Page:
Raising the Profile of Film and Media Education for Children and Shaping Public Discourse on Film

Impact case study
  • Unit(s) of assessment: Communication, Cultural and Media Studies, Library and Information Management
  • School: School of Arts and Humanities

Impact

Professor Martin O'Shaughnessy is widely recognised as a leading international scholar on the work of Jean Renoir, one of France's greatest film directors. His research on Renoir has generated a range of important outputs. Through his research, he contributes to film education in England while broadening access to culture at home and internationally.

O'Shaughnessy worked with the charity Film Education from 2009 to its closure in 2013. He introduced films to schools audiences, supporting Film Education's mission to champion and promote film. Film Education reached a total of 4.4 million young people at free screenings and festivals since 1997, and 1.6 million young people used its resources in class. O'Shaughnessy presented Renoir's La Grande Illusion as part of National Schools' Film Week in 2012, with screenings preceded by an introduction and followed by a discussion in Bristol, Birmingham and Nottingham. He was also commissioned to produce a study guide to the film that was made available to every school in the country through the Film Education website and later through the Network for Languages.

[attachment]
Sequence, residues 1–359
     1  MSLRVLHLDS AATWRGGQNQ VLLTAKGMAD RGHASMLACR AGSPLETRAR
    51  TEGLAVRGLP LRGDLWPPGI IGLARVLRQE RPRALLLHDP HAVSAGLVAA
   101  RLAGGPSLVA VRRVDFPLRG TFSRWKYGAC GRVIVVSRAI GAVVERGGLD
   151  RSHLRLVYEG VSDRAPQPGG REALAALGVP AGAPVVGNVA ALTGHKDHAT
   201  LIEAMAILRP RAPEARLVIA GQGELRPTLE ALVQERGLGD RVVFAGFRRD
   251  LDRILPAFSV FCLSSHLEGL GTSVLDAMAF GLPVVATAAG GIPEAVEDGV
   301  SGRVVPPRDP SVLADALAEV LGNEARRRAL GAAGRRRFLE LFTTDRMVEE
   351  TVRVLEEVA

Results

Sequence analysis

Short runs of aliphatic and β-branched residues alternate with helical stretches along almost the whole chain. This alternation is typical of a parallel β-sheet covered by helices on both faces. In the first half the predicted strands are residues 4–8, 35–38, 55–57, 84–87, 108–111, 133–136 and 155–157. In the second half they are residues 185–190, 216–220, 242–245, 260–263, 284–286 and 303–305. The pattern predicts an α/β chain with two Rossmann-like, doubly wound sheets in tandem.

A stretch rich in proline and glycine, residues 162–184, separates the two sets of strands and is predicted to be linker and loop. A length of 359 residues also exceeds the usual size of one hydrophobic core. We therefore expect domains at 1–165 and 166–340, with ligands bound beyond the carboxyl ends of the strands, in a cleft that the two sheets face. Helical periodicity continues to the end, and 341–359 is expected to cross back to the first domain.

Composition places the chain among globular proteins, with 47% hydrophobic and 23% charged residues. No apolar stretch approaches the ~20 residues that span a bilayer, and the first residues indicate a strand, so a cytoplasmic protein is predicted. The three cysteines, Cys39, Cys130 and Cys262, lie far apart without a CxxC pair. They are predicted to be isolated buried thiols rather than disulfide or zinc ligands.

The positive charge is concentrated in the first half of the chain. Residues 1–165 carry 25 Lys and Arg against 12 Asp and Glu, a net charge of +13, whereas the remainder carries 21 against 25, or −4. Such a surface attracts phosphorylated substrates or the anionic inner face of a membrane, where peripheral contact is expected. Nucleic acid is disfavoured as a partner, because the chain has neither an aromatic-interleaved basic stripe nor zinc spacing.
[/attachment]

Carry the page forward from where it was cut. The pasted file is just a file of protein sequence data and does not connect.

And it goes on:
Other examples of O'Shaughnessy's engagement with cultural organisations to promote film education and extend the reach of his research include:

  • a public screening and discussion at the Institut Français in London to launch his book La Grande Illusion in 2009.
  • a 2009 talk on the film La Grande Illusion at the Leo Baeck Institute, London, an important centre for the study of the history and culture of German-speaking Jews
  • a paper on Renoir's committed films at a public conference, 'France's mid-century crisis: 1930-1950', held at the Maison Française in Oxford, 2010
  • a paper on Renoir's Popular Front films at a French history conference at the University of Warwick in 2011
  • speaking at the British Film Institute in London in 2013, as part of a panel discussing new approaches to the films of Renoir
  • a talk at the Radical footage: Film and dissent day of public debate and screenings at the Nottingham Contemporary Gallery, 2012